The Aral Sea, a terminal lake and once one of the four largest lakes in the world, is a dramatic example of poor natural resource management, experiencing an extreme loss of water from poor policies and excessive agricultural irrigation practices beginning in the 1960s. Described as one of the world’s worst environmental disasters, its prosperous fishing industry was essentially destroyed, with resulting unemployment and economic hardships. The Aral Sea region is also heavily polluted. The lake declined to 10% of its original size, splitting into the north Aral Sea, eastern and western basins of the previously larger South Aral Sea, and a smaller lake between the North and South Aral Seas by 2007. The eastern basin completely dried up in 2014. Efforts are underway to replenish the North Aral Sea. Construction of a dam has improved the lake level, decreased water salinity, and facilitated a somewhat viable fishery. Although the lake has been the subject of a number of international water treaties, its future nevertheless remains unclear. It has already received GEF funding, but is again becoming a subject for possible GEF-catalyzed management interventions, which would require due elaboration within an appropriately-established international consultative process.

TWAP Regional Designation Eastern & Central Asia   Lake Basin Population (2010) 48,540,276
River Basin Aral (endorheic) Lake Basin Population Density
(2010; # km-2)
Riparian Countries Kazakhstan, Uzbekistan Average Basin Precipitation
(mm yr-1)
Basin Area (km2) 1,092,375 Shoreline Length (km) 1,784
Lake Area (km2) 23,919 Human Development Index (HDI) 0.6
Lake Area:Lake Basin Ratio 0.022 International Treaties/Agreements Identifying Lake Yes

Aral Sea Basin Characteristics

(a)Aral Sea basin and associated  transboundary water systems

(a)Aral Sea basin and associated transboundary water systems

(a)Aral Sea basin and associated  transboundary water systems

(b)Aral Sea basin land use

Aral Sea Threat Ranking

A serious lack of global-scale uniform data on the TWAP transboundary in-lake conditions required their potential threat risks be estimated on the basis of the characteristics of their drainage basins, rather than in-lake conditions. Using basin characteristics to rank transboundary lake threats precludes consideration of the unique features that can buffer their in-lake responses to basin-derived disturbances, including an integrating nature for all inputs, long water retention times, and complex, non-linear response dynamics.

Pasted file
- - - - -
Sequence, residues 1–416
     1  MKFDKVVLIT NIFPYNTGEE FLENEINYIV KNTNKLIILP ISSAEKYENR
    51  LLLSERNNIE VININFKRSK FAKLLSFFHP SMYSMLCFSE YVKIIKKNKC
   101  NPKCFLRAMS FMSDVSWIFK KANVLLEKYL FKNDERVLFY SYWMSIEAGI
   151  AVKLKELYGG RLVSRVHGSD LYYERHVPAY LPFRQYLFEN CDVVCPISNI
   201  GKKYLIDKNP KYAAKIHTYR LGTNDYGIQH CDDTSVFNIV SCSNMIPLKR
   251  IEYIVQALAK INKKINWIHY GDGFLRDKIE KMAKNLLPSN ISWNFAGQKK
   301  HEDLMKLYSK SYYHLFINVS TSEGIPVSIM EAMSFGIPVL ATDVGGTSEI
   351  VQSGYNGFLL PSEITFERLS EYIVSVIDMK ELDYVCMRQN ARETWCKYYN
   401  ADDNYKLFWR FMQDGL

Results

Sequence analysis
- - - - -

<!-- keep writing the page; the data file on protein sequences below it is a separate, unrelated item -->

The lake threat ranks were calculated with a spreadsheet-based interactive scenario analysis program, incorporating data and information about the nature and magnitude of their basin-derived stresses, and their possible impacts on the sustainability of their ecosystem services. These descriptive data for Aral Sea and the other transboundary lakes included lake and basin areas, population numbers and densities, areal extent of basin stressors on the lake, data grid size, and other components considered important from the perspective of the user of the data results. The scenario analysis program also provides a means to define the appropriate context and preconditions for interpreting the ranking results.

The Aral Sea threat ranks are expressed in terms of the Adjusted Human Water Security (Adj-HWS) threats, Reverse Biodiversity (RvBD) threats, and the Human Development Index (HDI) score, as well as combinations of these indices. However, it is emphasized that, being based on specific characteristics and assumptions regarding Aral Sea and its basin characteristics, the calculated threat scores represent only one possible set of lake threat rankings. Defining the appropriate context and preconditions for interpreting the lake rankings remains an important responsibility of those using the threat ranking results, including lake managers and decision-makers.

Table 1. Aral Sea Relative Threat Ranks, Based on Adjusted Human Water Security (Adj-HWS) and Reverse Biodiversity Threats,
and Human Development Index (HDI) Score

(Estimated risks: red – highest; orange – moderately high; yellow – medium;
green – moderately low; blue – low)

Adjusted Human Water Security
(Adj-HWS) ThreatScore
Relative Adj-HWS Threat Rank   Reverse Biodiversity (RvBD) Threat Score Relative RvBD Threat Rank   Human Development Index (HDI) Score Relative HDI Rank
0.84 26 0.72 5 0.60 26